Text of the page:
The proposed sub-study is to develop a method to improve the reliability of the primary
endpoint. The new method will utilize EEG phase-triggered paired associative
stimulation. Similarly to the rapid-rate paired associative stimulation (rPAS) used in
the main study, EEG phase-triggered paired associative stimulation also uses paired
median nerve stimulation with TMS to motor cortex. However, the stimuli are triggered
when the EEG is at a prespecified phase of the alpha-band (8-12 Hz) oscillation. The
sub-study to develop the optimal parameters of phase-triggered paired associative
stimulation will consist of 3 arms. Two active arms will trigger the paired median nerve
and motor cortex TMS according to the phase of the ongoing EEG. The first arm will
trigger the stimuli at the trough of the ongoing EEG (phase -90 if the EEG is modeled as
a sine wave). The second arm will trigger the stimul at the peak of the ongoing EEG
(phase +90). The third control arm will trigger the paired stimuli at a random delay
from the through of the ongoing EEG. This control arm serves to deliver paired stimuli
at a rate matched to the ongoing EEG, but stimulates at a random phase of each alpha
oscillation cycle. Our hypothesis is that stimulating at the through of the ongoing EEG
will result in increased plastic changes to the brain as measured through our TMS
outcome measures of single pulse MEPs, as compared to the control condition of random
phase stimulation. We also hypothesize that stimulating at the peak of the ongoing EEG
will result in a decrease in TMS outcome measures as compared to the control arm. This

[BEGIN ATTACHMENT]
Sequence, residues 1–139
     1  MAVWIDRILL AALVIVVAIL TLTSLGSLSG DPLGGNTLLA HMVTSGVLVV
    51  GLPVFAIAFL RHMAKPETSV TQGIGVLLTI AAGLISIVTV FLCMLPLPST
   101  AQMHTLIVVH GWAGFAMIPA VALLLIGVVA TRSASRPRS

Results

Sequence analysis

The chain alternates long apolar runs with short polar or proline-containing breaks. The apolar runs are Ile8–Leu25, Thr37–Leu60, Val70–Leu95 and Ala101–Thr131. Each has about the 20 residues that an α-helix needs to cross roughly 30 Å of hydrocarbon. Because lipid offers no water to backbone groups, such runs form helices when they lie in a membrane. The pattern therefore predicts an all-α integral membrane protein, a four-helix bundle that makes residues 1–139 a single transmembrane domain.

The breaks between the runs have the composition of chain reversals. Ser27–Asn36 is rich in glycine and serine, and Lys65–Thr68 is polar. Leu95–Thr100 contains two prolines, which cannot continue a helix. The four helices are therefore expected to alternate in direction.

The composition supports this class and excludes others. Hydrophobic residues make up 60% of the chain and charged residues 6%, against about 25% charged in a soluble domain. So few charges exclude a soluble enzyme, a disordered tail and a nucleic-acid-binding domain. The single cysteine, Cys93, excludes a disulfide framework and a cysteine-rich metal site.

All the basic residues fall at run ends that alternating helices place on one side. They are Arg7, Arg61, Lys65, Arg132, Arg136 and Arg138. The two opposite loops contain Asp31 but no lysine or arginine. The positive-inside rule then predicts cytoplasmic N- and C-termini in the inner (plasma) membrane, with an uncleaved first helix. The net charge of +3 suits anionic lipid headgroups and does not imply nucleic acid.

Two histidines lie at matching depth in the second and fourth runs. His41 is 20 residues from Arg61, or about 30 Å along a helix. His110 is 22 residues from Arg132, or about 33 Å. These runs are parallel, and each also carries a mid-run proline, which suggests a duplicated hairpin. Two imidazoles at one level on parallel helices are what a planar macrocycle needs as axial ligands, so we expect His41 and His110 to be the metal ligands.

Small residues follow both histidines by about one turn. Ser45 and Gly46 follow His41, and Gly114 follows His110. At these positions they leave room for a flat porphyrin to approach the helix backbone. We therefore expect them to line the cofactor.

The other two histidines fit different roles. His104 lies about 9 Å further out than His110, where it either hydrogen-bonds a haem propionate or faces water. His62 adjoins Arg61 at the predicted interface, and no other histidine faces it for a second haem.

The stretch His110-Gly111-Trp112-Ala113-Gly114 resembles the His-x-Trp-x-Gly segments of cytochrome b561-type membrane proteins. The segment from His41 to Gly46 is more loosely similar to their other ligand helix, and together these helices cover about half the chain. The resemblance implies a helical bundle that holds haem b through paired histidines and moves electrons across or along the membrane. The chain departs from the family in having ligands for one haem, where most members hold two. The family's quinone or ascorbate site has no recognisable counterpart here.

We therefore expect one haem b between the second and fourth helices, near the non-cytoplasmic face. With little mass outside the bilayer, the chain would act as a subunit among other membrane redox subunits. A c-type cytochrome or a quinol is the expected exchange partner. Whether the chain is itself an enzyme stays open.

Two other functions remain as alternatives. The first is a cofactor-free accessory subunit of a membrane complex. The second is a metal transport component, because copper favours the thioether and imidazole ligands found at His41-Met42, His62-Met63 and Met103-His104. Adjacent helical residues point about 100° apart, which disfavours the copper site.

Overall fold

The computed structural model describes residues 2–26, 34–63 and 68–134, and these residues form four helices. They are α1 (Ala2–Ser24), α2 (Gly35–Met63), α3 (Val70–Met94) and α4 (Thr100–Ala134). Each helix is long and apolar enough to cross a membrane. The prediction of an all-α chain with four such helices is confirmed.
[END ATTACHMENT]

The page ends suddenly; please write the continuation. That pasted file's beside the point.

will be a withinsubject design of 3 visits for each of the 10 sub-study subjects.
4. Outcome measures
The primary outcome measure will be the amplitude of MEPs induced by single TMS pulses
- INCLUSION CRITERIA:
To be eligible for this research study participants must:
- Be between 18 and 50 years of age.
- Be right-handed.
- Able to abstain from food or drinks containing caffeine 24 hours before the last 3
session visits. The screening visit does not require the ability to abstain from food
or drinks containing caffeine.
- Able to abstain from tobacco on the day of the last three session visits. The
screening visit doesn t require the ability to abstain from tobacco.
Participants will be excluded from this research study if they:
- Are taking medications of the following classes: antidepressants, anxiolytics,
anticonvulsants, antipsychotics, antiparkinson, hypnotics, stimulants, and
- Have a heart rate that exceeds 100 bpm (resting tachycardia).
- Have a history of psychiatric condition(s).
- Have a neurologic disorder such as a history of brain tumor, stroke, central nervous
system infection, epilepsy, cerebrovascular disease, dementia, head trauma, or
increased intracranial pressure.
- Have surgically or traumatically implanted metallic foreign bodies such as,
pacemakers, medication pumps, implanted hearing aids, defibrillators, metal plates in
the skull or metal implants in the skull or eyes (other than dental fillings),
intracardiac lines, or any other condition/device that might be physically hazardous
during TMS or magnetic resonance imaging (MRI), or might distort the images.
- Are unable to lie flat on back for up to 1 hour.
- Have claustrophobia or a feeling of discomfort from being in small, enclosed spaces of
enough severity to prevent MRI scanning.
- Are pregnant or have a positive pregnancy test before the research procedure due to
-the risks associated with MRI scans.
- Have abnormal findings in clinical MRI that we will do during the screening visit.
- Have any abnormal or focal finding on the neurological exam.<TAB>
- Have a known hearing loss.
- Have an alcohol or substance abuse problem, as determined by the Alcohol, Smoking and
Substance Abuse Screening Test (ASSIST).
- Have sensitivity to coldness.(main experiment only, not an exclusion for the sub-study
which does not utilize cooling)